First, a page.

Asian stock markets were mostly lower Friday on lingering concerns over the slowing Chinese economy. European shares also headed for a lackluster end to the week.
In early trading, Germany's DAX was down 0.2 percent at 9,613.58 and Britain's FTSE 100 edged down 0.2 percent to 6,762.66. France's CAC 40 was 0.3 percent lower at 4,268.42.
U.S. stocks were poised to fall, with Dow futures down 0.3 percent and broader S&P 500 futures off 0.2 percent.
In Asia, Japan's Nikkei 225 slipped 1.9 percent to close at 15,391.56 on selling of export-related shares as the Japanese yen sank to 103 to the dollar after hovering around 104.50 in recent days.
Investors were also cautious ahead of Monday's release of trade data for December that is expected to show a further widening of Japan's deficit thanks to rising import costs.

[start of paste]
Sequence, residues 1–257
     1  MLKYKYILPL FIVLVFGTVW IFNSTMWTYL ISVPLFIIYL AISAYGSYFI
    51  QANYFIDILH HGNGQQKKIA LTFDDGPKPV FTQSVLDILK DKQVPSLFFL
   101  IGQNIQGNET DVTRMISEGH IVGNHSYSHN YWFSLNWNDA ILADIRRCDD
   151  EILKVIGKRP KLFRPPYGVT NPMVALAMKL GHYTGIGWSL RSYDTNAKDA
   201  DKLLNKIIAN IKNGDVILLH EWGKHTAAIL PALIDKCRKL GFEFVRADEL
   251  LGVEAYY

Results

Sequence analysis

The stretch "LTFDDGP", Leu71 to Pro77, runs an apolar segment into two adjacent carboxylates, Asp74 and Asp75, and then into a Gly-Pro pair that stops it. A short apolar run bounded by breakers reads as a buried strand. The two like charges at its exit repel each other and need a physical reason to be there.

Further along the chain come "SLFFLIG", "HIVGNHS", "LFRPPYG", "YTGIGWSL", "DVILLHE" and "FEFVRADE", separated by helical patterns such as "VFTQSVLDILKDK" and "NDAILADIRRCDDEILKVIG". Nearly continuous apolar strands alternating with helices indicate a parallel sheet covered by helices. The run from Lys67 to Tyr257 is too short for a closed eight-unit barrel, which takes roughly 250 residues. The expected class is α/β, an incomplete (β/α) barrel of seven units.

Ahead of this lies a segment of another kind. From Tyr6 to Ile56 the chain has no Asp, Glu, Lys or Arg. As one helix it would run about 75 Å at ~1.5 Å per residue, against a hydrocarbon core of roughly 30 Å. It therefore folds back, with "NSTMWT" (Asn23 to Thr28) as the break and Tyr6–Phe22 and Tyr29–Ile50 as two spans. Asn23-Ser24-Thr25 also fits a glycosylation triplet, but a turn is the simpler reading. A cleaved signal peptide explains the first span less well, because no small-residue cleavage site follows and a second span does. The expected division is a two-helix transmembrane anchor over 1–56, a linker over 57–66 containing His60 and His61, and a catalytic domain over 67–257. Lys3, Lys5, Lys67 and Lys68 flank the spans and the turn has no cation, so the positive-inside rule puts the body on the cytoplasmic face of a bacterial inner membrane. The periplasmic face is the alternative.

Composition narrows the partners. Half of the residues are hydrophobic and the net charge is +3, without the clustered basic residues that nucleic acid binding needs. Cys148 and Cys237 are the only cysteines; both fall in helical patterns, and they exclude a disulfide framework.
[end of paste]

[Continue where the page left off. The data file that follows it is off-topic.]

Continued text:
But China's Shanghai Composite Index gained 0.6 percent to 2,054.39, shrugging off the pall cast Thursday over global markets by HSBC's survey of Chinese factory purchasing managers in January, which indicated a contraction in manfacturing for the first time since July.
Elsewhere in Asia, Hong Kong's Hang Seng shed 1.3 percent to 22,450.06 and Seoul's Kospi dropped 0.4 percent to 1,940.56. Shares in Australia, New Zealand, Singapore, Malaysia, Thailand and Indonesia sagged.
"Apart from the Shanghai Composite, the rest of the region seems to be struggling to gain traction heading into the weekend," Stan Shamu, a strategist at IG Markets in Melbourne, Australia said in a report.
Stocks gained in the Philippines and in Thailand.
In energy markets, benchmark U.S. crude contract for March delivery continued to rise. It was up 37 cents to .69 in electronic trading on the New York Mercantile Exchange after the U.S. Energy Information Administration confirmed that stockpiles of heating oil and diesel are shrinking as extreme cold has driven up demand.
In currencies, the euro fell to .3685 from .3689 late Thursday. The dollar fell to 103.01 yen from 103.45 yen.
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